I believe in the engineering team using Cobol and Fortran ’77 (so much better than ’66) to develop the best modern websites. I believe in them using note cards and excel files and Jira and Trello to organize the Agile Product Backlog, and using nothing at all. I believe in the teams having a leader and having no leader. I believe in what the team wants to do.
While a bit tongue-in-cheek, I truly believe that a successful, innovative, and evolving organization must encourage its members to decide how they get the job done. Trust the team to find what works best to achieve their goals, which of course should be aligned with the company goals. The effective leader provides vision, values, and transparency. The leader must protect the team by setting up the metaphorical guardrails by the cliff’s edge, but between those guardrails create an open and fertile environment for the teams, who are professionals and most likely smarter than the leader (that’s why you hired them!), to do what they do best.
If you want to achieve the best, get out of their way and trust!
That said, how do we prevent the organization from falling into chaos where one team is using Clojure, another Haskel, another Go, another Agile, another Waterfall, ad-infinitum? If we allow that sort of chaos to ensue, the engineering team will have serious issues with business continuity (shoot, Bob the Cobol guy just left – who here knows Cobol, anyone, anyone, Bueller?), hiring, and maintainability. The other extreme, which large organizations often adopt, is a regimented approval process for all technology, down to the version level. Do you want to use Scala 2.11.7? Well, write up a report, submit to the engineering committee, POC, review, and 6 months later and dozens hours of your time, maybe get Scala on the restricted list. Maybe.
But there is a better way to do it and that is Managed Chaos.* Chaos can be detrimental, but if properly managed, it can be a powerful tool for an engineering organization to embrace innovation and drive the business forward through technology. When the engineering team comes to you asking to use Cobol, say, “Yes! I support you. But, I do have some questions. Where do you plan on finding Cobol engineers? What about mainframes? I don’t have any here. Also, can you build websites in Cobol? Didn’t know that. How will you leverage other teams to get the help you need since no one here knows Cobol?” If the team has justification and has reasoned out how this will drive the product and team, allow the chaos to happen. You have managed the chaos by asking the right questions, thinking things through, and aligning to the business and product. You have embraced change that can drive the business and product forward by giving your team control (e.g. the tech stack).
Create a great engineering environment by giving your team control.
What you really are trying to avoid is the “Oh, yeah, we should have thought of that” statement after the fact. For example, if our Data Science team wants to start using MongoDB and our Platform team wants to use Cassandra, that is totally fine if they have thought it through and discussed why each team needs to use a different no-sql databases. That is Managed Chaos. We don’t want to have the discussion 6-months after implementation and say, “I guess there is no reason we couldn’t have used the same.” That is just chaos.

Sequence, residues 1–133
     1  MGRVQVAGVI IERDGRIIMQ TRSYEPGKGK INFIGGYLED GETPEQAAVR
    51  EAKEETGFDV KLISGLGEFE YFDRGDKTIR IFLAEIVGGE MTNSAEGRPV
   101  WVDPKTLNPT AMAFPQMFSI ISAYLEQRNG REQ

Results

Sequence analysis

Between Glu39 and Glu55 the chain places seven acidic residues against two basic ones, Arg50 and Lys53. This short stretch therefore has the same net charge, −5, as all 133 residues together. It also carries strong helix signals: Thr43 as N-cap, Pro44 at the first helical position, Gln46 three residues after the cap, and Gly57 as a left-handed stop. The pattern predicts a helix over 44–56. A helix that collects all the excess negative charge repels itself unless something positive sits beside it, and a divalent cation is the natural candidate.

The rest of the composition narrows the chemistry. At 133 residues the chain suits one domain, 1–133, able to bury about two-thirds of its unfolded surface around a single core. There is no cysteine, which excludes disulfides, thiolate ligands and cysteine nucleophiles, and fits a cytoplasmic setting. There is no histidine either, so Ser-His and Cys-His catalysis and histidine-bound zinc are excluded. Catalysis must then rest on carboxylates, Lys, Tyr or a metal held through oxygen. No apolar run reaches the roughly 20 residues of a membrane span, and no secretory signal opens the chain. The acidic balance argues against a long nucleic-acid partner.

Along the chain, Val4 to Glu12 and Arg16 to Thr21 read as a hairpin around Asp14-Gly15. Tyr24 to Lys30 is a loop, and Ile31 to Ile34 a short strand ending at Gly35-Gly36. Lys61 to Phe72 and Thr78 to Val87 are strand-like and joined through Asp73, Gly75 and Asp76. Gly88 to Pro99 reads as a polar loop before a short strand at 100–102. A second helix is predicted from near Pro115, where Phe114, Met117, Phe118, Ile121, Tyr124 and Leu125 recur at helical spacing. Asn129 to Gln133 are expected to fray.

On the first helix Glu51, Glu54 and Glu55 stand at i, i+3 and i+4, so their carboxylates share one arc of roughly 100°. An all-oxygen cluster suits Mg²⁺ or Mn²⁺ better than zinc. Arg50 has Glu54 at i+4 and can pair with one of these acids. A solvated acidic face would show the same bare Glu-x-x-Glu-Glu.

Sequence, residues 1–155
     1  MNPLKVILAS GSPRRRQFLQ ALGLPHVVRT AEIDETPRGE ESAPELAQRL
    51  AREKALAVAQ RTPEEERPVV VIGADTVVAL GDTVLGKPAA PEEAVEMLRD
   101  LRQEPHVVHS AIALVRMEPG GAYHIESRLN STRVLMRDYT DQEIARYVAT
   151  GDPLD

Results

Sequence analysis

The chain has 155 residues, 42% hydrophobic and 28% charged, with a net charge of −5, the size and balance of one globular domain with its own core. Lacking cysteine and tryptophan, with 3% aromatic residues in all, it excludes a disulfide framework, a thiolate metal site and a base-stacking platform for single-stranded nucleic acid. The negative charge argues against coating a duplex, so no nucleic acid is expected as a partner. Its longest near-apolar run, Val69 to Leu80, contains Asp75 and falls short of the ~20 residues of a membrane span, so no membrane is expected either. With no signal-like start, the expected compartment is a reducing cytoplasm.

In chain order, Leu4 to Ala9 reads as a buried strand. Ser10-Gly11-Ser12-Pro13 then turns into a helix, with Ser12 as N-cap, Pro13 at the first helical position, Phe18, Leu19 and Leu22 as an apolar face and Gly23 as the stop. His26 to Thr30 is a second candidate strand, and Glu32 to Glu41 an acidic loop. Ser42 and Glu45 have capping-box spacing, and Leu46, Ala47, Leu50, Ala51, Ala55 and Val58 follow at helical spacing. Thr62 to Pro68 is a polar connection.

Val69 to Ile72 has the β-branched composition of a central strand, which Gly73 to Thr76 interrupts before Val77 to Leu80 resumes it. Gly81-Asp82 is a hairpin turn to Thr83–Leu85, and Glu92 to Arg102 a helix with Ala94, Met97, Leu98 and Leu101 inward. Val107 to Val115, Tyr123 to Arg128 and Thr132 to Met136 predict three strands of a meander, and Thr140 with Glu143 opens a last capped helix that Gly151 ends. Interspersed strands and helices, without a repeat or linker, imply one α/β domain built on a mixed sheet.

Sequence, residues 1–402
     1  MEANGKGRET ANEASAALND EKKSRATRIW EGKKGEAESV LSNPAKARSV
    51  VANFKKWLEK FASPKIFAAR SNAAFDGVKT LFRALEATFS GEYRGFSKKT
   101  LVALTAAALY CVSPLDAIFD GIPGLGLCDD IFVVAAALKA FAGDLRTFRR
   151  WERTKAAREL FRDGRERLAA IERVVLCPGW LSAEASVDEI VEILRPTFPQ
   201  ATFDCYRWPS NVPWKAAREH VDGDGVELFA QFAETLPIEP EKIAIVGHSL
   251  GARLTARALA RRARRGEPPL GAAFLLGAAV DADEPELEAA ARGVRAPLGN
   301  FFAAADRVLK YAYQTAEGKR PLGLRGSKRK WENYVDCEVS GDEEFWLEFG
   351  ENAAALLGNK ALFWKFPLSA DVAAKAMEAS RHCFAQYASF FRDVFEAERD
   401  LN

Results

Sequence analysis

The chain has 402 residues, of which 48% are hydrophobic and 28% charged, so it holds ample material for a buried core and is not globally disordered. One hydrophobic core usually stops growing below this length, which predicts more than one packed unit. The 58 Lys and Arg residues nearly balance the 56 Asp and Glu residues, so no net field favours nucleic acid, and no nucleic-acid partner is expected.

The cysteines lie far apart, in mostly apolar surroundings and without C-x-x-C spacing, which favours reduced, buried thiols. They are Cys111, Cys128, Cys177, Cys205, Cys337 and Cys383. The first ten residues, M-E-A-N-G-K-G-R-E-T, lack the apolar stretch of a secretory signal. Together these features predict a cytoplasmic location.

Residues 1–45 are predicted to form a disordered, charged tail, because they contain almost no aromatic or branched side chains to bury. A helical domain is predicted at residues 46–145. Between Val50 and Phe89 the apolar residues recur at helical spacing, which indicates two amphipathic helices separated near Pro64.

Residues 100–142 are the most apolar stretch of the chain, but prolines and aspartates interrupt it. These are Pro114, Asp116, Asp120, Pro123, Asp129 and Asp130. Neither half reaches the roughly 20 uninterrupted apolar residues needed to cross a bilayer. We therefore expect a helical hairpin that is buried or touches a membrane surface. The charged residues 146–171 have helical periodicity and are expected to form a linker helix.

Another example is from a recent decision by one of our Agile teams at TheLadders. Most teams are either singularly use either Jira or Trello. However, one team for our Professional website decided they want the Product Owner to create user stories in Jira and the Engineering Tasks be broken down and estimated in Trello. I was dubious – really, both? Isn’t that, well, chaotic? It isn’t. The team had thought though the complexity and determined it worked for both the product owner and engineers, and I’m happy to say they were right.
In conclusion, don’t be afraid of change, don’t be afraid of the decisions your team makes, and don’t be afraid of managed chaos.
* Managed Chaos is similar in concept to Fractal Organizations. Below is a great description from Pravir Malik on how a Fractal Organization works:
“In meta-theory all instances of organization, from the smallest, such as an idea or a person, to the largest, such as global markets and planet earth herself, are fractals: the essence of their way of being is repeated on scales both smaller and larger than themselves. There is however, a particular class of fractals, that of progress, of which The Fractal Ladder is an ever-present manifestation, which spawns organizations that are truly progressive and sustainable in nature. In the scheme of things this class of fractals is of critical importance, and to master its replication and to fully understand the impact it will have in creating sustainable and dynamic organizations is a practical necessity.”